Not the Brian Jean show: A Q&A with the Wildrose leader

Why Wildrose Leader Brian Jean believes the election proved his party belongs to a movement, not him
Brian Jean, the leader of the Wildrose Party, poses for a photo during Stampede week in Calgary, Alberta at the Petroleum Club on July 7, 2015. Jimmy Jeong
 Jimmy Jeong
Jimmy Jeong

Alberta’s election produced a pair of epic narratives: the fall of the Tory empire and an NDP majority in a province few ever thought would possibly elect one. Tucked in behind these stories is Wildrose’s remarkable comeback. Four months after leader Danielle Smith brought most of her MLAs across the floor to Premier Jim Prentice, a former Conservative backbench MP was elected Wildrose leader. Five weeks later, Brian Jean kept the right-leaning party’s official Opposition status and even grew its caucus. He met with Maclean’s during Stampede week at the Calgary Petroleum Club.

Q: During the debate and throughout the campaign, you tried to hammer home the message, “We’re the one party that doesn’t tax you.” That message didn’t seem to resonate in the polls very well. Why?

A: I think it resonated very well in the polls. But it resonated with Wildrose supporters and fiscal conservatives. Some people say, “You lost, you got second place.” I don’t look at it at all like that. I think we did extremely well, and I think we ran one of the best election campaigns in Alberta history, certainly in recent history. I think what people wanted was a change. They wanted anybody but PCs. And then when the media framed the vote between the NDP, Rachel Notley and Jim Prentice, they picked Rachel Notley. And I don’t mean that they picked the NDP. They picked Rachel Notley.

Q: At a recent party barbecue, you invoked Margaret Thatcher by saying, “The facts of life in Alberta are conservative.” What did you mean when you say that?

A: I think the facts of life everywhere are conservative. What I mean is that when you sit around a kitchen table and decide on your own finances, you make sure that you have more money coming in than going out. That you make sure you cut waste and inefficiencies before you decide to go out and find another job. The NDP believe they can take your money and spend it better than you can. Conservatives, myself, a fiscal conservative, believe that the people whose money it is can spend it a lot better than I can on the priorities they have.

Q: Where do you think Albertans lie?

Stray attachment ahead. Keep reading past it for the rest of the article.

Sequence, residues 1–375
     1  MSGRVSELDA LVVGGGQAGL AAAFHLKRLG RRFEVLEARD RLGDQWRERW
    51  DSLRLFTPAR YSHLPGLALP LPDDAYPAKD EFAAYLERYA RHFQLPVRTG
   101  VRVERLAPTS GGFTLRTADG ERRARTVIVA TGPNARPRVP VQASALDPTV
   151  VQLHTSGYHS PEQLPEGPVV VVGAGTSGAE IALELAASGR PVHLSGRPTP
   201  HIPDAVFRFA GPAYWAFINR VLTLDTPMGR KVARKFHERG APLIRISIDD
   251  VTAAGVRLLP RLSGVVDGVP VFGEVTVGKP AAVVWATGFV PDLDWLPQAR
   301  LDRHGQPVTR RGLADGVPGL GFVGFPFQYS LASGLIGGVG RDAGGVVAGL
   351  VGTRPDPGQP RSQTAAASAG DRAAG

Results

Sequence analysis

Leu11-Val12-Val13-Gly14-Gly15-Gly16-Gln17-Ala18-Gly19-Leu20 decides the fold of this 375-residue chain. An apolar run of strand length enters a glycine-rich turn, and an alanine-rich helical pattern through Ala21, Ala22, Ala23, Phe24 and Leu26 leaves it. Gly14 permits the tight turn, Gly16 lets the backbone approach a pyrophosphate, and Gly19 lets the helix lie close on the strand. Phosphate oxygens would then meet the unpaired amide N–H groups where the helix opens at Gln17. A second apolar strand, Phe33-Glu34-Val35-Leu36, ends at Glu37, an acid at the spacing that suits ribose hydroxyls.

A: I believe 50 per cent of them are with me, in my fiscal conservative views. I think that 25 per cent of them are very, very fiscal[ly conservative]. I would suggest fewer than 20 per cent of Albertans actually believe in the policies of the NDP. I think 99 per cent of all Albertans want their money spent wisely. So I think all Albertans are with me, but they may have perceptions of who Brian Jean is or no perception at all, which I think was the case in this election, and certainly a perception in the past of what the Wildrose party was. And we tried to dispel that perception, but let’s be clear: we had 38 days. I don’t know if you can find a party that came from the abyss with three members and a destroyed situation two months before to win the largest number seats they ever won–21–and the official Opposition.

Q: Have you talked to Danielle Smith? Would you go on her radio show?

A: I talked to Danielle Smith three or four times last year before she crossed the floor. We’re not friends. Unless she came and talked to me, but I’m certainly not going to go on a talk show with Danielle Smith. I see no reason to do that.

Brian Jean

Q: Watching Wildrose rise from zero seats in the legislature, where it was under her leadership, to 17 seats, it may have appeared the party was her party, that she was the linchpin, and without her, when it was down to just a few MLAs, it wouldn’t last. What was it that kept Wildrose going without her?

A: Principles and good ideas. I think the Wildrose party is beyond Brian Jean or one person. It’s a movement of people who want better government, and they want government that represents their views on prudence and efficiencies. My focus since before leadership was to make people recognize that I was going to develop a political machine, that I’m not going to build the brand of Brian Jean. I think you can see that clearly in the statements by our energy shadow minister, by our finance shadow minister. You can see that it’s not the Brian Jean Show. And Brian Jean wants to make sure it’s not the Brian Jean Show.